At mass Saturday before more than 2,000 mostly priests, women religious and deacons, Francis invoked the name of Katharine Drexel, who founded the Sisters of the Blessed Sacrament. He called her “one of the great saints raised up by this local Church.”
Francis praised the “efforts of all those dedicated priests, religious and laity who for over two centuries have ministered to the spiritual needs of the poor, the immigrant, the sick and those in prison.”
He spoke of “the hundreds of schools where religious brothers and sisters trained children to read and write, to love God and neighbor, and to contribute as good citizens to the life of American society.”
The Mass at the Cathedral Basilica of Saints Peter and Paul was the Pope’s first stop in Philadelphia, the country’s fifth-largest city. It was a spiritual boost for the city’s clergy, who have been battered in recent years by sexual abuse scandals, parish mergers and school closings.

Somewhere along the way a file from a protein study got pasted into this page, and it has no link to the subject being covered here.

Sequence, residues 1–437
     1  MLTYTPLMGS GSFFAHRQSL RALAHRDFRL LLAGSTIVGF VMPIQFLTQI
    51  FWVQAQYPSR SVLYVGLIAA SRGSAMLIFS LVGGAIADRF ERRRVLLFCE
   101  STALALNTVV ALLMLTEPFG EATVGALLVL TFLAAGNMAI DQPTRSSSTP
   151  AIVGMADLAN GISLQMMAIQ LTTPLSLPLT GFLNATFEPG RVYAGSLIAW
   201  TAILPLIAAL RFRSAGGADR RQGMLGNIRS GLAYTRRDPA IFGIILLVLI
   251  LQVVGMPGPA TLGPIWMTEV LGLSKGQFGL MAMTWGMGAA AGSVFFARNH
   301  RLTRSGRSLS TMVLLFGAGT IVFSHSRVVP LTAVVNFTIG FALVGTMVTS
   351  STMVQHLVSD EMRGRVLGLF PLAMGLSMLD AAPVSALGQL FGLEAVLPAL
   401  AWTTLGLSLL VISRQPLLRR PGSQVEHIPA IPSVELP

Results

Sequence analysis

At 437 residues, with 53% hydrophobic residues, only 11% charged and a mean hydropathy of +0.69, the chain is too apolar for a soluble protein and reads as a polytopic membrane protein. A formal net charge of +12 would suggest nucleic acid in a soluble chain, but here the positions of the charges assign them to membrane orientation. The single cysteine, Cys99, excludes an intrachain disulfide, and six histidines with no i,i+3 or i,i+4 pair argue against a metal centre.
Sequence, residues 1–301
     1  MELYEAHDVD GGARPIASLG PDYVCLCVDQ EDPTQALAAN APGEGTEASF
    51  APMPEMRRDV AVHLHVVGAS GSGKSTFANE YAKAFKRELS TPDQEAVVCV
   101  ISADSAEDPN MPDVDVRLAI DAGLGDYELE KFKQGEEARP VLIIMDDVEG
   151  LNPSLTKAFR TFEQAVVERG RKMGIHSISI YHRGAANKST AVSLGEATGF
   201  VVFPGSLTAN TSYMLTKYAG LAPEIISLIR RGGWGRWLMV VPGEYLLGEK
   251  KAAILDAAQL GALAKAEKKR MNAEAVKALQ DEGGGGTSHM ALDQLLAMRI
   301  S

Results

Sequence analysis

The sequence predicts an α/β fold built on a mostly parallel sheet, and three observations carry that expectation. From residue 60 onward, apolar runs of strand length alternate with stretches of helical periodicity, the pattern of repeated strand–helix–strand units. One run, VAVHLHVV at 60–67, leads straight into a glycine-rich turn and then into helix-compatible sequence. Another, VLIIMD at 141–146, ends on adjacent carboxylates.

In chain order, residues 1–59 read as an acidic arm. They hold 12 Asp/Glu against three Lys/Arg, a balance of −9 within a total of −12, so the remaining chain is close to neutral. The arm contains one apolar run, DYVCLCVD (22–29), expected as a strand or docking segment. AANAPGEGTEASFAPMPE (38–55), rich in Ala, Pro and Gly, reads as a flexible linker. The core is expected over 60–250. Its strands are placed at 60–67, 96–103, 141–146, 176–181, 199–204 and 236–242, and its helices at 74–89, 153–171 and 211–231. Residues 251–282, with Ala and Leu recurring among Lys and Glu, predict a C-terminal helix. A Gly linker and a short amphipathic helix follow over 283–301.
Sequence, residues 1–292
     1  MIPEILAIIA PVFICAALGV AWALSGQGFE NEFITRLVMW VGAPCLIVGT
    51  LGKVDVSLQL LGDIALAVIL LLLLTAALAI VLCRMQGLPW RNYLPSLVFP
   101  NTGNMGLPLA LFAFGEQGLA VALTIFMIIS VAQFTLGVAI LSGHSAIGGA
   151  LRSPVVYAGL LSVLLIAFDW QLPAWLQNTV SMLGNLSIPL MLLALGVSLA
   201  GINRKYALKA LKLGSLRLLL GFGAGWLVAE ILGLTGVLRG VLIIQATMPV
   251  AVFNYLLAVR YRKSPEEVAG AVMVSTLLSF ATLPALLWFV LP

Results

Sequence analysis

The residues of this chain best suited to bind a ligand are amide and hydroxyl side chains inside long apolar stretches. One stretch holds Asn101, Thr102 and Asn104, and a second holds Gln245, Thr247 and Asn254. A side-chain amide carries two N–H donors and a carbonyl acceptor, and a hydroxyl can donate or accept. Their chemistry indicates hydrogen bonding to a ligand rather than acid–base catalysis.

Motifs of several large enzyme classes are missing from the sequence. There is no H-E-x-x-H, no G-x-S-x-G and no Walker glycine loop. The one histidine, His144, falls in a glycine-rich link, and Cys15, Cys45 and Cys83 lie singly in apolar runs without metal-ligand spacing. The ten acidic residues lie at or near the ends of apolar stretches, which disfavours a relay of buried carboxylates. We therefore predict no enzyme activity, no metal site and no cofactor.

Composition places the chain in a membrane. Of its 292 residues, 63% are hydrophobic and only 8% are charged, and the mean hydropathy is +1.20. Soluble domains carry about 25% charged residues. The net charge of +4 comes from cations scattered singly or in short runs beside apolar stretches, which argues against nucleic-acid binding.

Later Saturday, Francis will give an address on religious freedom and immigration, before making an appearance at the Festival of Families.
Philadelphia’s Archbishop Charles Chaput says he personally petitioned the Pope to speak about religious freedom during his visit to the city.
Francis obliged, but also added another topic to his highly anticipated address: immigration.
It’s an issue the Pope has mentioned on almost every stop during his six-day trip to the United States, often in extremely personal terms.
Before the Pope addresses the Festival of Families on Saturday night, several celebrities will entertain the crowd.
Comedian (and devout Catholic) Jim Gaffigan will tell some jokes, gospel and soul great Aretha Franklin will sing a song or two and actor Mark Wahlberg, also a Catholic, will emcee the event.
With many streets closed, families were walking to the festival, hours before the Pope was due to arrive.